Soup, pasta or stew? Irrelevant: it's delicious.
So today is allegedly the most depressing day of the year aka Blue Monday. Indeed, one BBC Scotland piece
seemed to suggest that the combo of season and current financial uncertainty had created a candidate for the most miserable day ever.
I’m not sure I buy into any of this babble – I find much of the first six weeks or so of the year can be equally numbing. But with post-Christmas gloom and belt tightening on many people’s minds, genuine austerity cooking in Greece making international news and this blog recently looking at UK food poverty, it seemed appropriate to feature a dish that’ll give the winter blues a robust poke in the eye – owing both to the minimal impact it’ll make on your scrawny January wallet, and the fact that it’s healthy, tastes shit-hot and warms you up.
Culled and lightly adapted from Nadine Abensur’s ever-useful Crank’s Bible, this pasta e fagioli recipe packs in all the best aspects of a pasta dish (obviously), a soup and a stew.
There are many other variations to be found adding bacon, spinach or using different kinds of beans or pasta; strictly speaking you should be using dried beans, as this Telegraph recipe does, but for speed I’ve used tinned ones here. Either way, there are few more comforting meals to turn to during the darkest time of the year.
You will need:
- 2 cans borlotti beans
- 1 onion, chopped
- 1 leek, sliced
- 2 tbsp oil
- 4 cloves garlic
- 1/2 tsp dried thyme
- 1/2 tsp dried rosemary
- A few fresh basil or sage leaves
- 600ml vegetable or chicken stock
- 2 carrots, chopped
- 1 medium potato, chopped
- 1 stick celery, chopped
- 200g pasta – small soup pasta are best but any short pasta will do
- 2 tomatoes, cut in six pieces
- Salt and pepper
- Fry leek and onion gently until softened before adding all other vegetables. Continue cooking for another few minutes.
- Add the borlotti beans, dried herbs and stock – you may want to include some of the can liquid from the beans for a thicker result.
- Simmer for at least 15 minutes; meanwhile cook the pasta until al dente and add along with the chopped tomatoes and fresh herbs.
- Give it another five minutes, check the seasoning and serve in bowls topped with grated Parmesan and the leaves from your celery, if there are any. Become a few degrees warmer and happier.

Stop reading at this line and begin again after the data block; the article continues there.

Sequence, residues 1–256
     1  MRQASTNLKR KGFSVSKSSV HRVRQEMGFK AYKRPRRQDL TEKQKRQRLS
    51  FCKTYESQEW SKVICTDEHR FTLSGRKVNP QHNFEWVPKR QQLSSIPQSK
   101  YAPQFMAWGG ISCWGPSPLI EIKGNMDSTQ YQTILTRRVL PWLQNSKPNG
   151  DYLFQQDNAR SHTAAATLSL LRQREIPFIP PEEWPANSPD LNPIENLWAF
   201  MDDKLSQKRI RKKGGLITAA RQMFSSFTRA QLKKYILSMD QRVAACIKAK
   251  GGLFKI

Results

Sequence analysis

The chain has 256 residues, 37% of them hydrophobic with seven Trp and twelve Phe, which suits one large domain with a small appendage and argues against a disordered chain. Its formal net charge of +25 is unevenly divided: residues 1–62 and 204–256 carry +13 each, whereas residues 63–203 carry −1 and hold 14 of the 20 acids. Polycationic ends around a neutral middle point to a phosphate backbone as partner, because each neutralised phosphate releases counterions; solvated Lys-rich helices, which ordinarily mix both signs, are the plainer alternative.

It feels slightly like a cop-out dedicating a post to cooking puttanesca. No pun intended (I promise), but the “whores’ pasta” is a pretty well-worn dish. It’s served on Italian restaurant menus the world over, and the UK’s national culinary treasures Jamie Oliver and Nigella Lawson have both included versions of it in their books.
However, I realised as I was making some last night that it had been probably my favourite food for a decade. Surely reason enough for a shout-out. And there must be people out there who don’t know how to make it. Though whether or not they are reading this blog is a different matter.
So why do I love eating puttanesca so much? Two reasons I guess:
- The obvious one (and supposedly how it got its ladies-of-the-night-related nickname). All the ingredients are store-cupboard, ie you can have them in all the time, waiting for whatever hour you get in. Even flat leaf parsley keeps a good couple of weeks.
- The one that makes you want to chow it regularly for years and years. It has several of the most intense possible flavours, rolled into one gorgeous pungent sauce. Chilli heat, sweet concentrated tomatoes, salty olives, capers and anchovies, and a sizeable dose of garlic. What more do you want?
You will need:
- 2 tbsp olive oil
- 1 can anchovies, drained
- 2 cloves garlic, sliced as thinly as possible
- 2 dried chillies, chopped fine
- 400g canned tomatoes
- 1 heaped tsp oregano
- Black pepper
- Small can black olives, drained and roughly chopped
- 1 tbsp capers, roughly chopped
- Small bunch flat leaf parsley, chopped
- Put the oil in a heavy-based saucepan on a low heat.
- Add the anchovies, stirring for a few minutes until they break down completely and dissolve into the oil.
- Now put in the garlic and chillies, giving them a couple of minutes to soften. Take care that the garlic doesn’t get brown.
- As soon as the pan starts to sizzle, add the tomatoes and turn the heat up high. Stir vigorously as the mixture comes to the boil, breaking up the tomatoes.
- Add the oregano and a very generous grind of black pepper, turn the heat down to medium and leave about 20 minutes.
- When the sauce has reduced to a thick, jam-like texture, stir in the olives and capers, lower the heat, and set your pasta to boil in well-salted water.
- As soon as the pasta is ready, add the parsley to the tomato sauce. Drain the pasta, reserving about a tablespoon of the salty cooking water. Unless you want blood like the Dead Sea, you shouldn’t need to add any further salt to the sauce.
- Toss the pasta with the reserved water, stir into the sauce and serve topped with parmesan.